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Papers on pterosaur and _Sharovipteryx_ wings

David Peters will probably be wanting to get out 'Old Red' for these

G. J. DYKE, R. L. NUDDS & J. M. V. RAYNER. 2006. Flight of Sharovipteryx
mirabilis: the world's first delta-winged glider. Journal of
Evolutionary Biology 19 (4): 1040-1043.

'The 225 million-year-old reptile Sharovipteryx mirabilis was the
world's first delta-winged glider; this remarkable animal had a flight
surface composed entirely of a hind-limb membrane. We use standard
delta-wing aerodynamics to reconstruct the flight of S. mirabilis
demonstrating that wing shape could have been controlled simply by
protraction of the femora at the knees, and by variation in incidence of
a small forelimb canard. Our method has allowed us to address the
question of how identifying realistic glide performance can be used to
set limits on aerodynamic design in this small animal. Our novel
interpretation of the bizarre flight mode of S. mirabilis is the first
based directly on interpretation of the fossil itself and the first
grounded in aerodynamics.'

G. J. DYKE, R. L. NUDDS & J. M. V. RAYNER. 2006. Limb disparity and wing
shape in pterosaurs. Journal of Evolutionary Biology 19 (4): 1339-1342.

'The limb proportions of the extinct flying pterosaurs were clearly
distinct from their living counterparts, birds and bats. Within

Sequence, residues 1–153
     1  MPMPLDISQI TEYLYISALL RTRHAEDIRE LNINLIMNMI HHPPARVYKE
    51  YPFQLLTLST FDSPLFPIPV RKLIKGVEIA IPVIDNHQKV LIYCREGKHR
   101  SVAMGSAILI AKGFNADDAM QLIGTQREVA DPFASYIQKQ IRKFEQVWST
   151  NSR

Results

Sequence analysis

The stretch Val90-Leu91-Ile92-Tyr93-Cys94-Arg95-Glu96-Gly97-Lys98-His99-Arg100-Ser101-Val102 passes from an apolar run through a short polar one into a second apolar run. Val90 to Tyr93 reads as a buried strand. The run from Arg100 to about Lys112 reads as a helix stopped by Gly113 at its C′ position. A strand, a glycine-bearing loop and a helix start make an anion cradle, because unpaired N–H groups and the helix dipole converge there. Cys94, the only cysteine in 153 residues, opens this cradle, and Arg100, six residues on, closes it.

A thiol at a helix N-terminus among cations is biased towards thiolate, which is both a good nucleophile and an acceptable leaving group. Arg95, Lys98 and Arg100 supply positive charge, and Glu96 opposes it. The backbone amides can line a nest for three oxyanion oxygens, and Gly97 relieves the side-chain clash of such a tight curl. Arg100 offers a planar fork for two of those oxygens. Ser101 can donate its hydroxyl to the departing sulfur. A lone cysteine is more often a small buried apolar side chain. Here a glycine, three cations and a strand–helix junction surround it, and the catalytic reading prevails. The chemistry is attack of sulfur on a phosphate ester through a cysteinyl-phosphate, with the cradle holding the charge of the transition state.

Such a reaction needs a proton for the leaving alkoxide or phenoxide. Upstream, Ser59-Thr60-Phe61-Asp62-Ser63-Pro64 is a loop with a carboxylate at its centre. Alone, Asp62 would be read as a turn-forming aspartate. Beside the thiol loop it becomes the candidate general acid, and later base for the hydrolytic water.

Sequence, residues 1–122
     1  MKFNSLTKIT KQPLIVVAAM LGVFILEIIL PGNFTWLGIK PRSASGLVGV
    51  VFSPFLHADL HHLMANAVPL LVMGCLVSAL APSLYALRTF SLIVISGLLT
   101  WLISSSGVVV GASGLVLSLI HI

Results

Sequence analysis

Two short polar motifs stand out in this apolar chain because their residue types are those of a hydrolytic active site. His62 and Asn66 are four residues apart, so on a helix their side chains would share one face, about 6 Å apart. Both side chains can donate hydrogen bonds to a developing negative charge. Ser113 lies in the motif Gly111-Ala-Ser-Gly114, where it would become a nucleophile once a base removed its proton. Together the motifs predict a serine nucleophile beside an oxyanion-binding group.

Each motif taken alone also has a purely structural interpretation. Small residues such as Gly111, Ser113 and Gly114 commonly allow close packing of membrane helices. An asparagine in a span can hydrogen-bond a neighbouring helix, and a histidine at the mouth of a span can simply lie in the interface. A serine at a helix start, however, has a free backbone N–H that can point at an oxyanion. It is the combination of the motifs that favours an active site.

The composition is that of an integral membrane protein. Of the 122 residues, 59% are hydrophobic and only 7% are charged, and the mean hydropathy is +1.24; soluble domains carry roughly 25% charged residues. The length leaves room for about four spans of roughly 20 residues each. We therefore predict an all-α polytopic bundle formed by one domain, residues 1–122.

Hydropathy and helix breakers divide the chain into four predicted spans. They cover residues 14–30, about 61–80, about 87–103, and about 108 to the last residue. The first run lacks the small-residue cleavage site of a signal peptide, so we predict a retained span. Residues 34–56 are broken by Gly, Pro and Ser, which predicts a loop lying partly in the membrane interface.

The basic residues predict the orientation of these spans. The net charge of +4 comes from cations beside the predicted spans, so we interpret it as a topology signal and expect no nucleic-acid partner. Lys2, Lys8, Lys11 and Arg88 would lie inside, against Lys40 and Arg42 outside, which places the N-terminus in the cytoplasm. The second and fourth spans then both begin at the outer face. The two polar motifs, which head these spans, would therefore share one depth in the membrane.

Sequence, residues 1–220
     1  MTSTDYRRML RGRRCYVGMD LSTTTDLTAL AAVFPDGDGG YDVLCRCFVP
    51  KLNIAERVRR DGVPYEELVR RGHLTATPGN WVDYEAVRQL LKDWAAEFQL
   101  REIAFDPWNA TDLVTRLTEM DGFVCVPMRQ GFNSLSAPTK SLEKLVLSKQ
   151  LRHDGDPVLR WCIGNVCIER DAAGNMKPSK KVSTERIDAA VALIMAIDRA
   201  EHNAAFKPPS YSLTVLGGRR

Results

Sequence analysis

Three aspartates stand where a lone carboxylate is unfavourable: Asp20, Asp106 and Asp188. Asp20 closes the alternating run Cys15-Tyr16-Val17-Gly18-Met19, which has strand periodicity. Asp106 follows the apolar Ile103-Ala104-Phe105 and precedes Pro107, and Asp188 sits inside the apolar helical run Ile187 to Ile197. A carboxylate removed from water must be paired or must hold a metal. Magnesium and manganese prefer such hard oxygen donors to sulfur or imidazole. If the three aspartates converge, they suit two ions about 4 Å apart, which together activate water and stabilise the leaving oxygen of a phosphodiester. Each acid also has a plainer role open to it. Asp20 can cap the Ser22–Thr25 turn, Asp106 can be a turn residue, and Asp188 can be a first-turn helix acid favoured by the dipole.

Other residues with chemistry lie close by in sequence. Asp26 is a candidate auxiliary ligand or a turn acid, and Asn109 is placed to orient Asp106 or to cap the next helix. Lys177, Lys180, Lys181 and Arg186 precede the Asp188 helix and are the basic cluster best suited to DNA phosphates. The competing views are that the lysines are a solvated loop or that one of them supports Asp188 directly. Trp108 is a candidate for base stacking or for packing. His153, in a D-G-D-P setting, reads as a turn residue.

pterosaurs, however, we show that further differences in limb
proportions exist between the two main groups: the clade of short-tailed
Pterodactyloidea and the paraphyletic clades of long-tailed
rhamphorhynchoids. The hindlimb to forelimb ratios of rhamphorhynchoid
pterosaurs are similar to that seen in bats, whereas those of
pterodactyloids are much higher. Such a clear difference in limb ratios
indicates that the extent of the wing membrane in rhamphorhynchoids and
pterodactyloids may also have differed; this is borne out by simple
ternary analyses. Further, analyses also indicate that the limbs of
Sordes pilosus, a well-preserved small taxon used as key evidence for
inferring the extent and shape of the wing membrane in all pterosaurs,
are not typical even of its closest relatives, other rhamphorhynchoids.
Thus, a bat-like extensive hindlimb flight membrane, integrated with the
feet and tail may be applicable only to a small subset of pterosaur
diversity. The range of flight morphologies seen in these extinct
reptiles may prove much broader than previously thought.'


        Christopher Taylor

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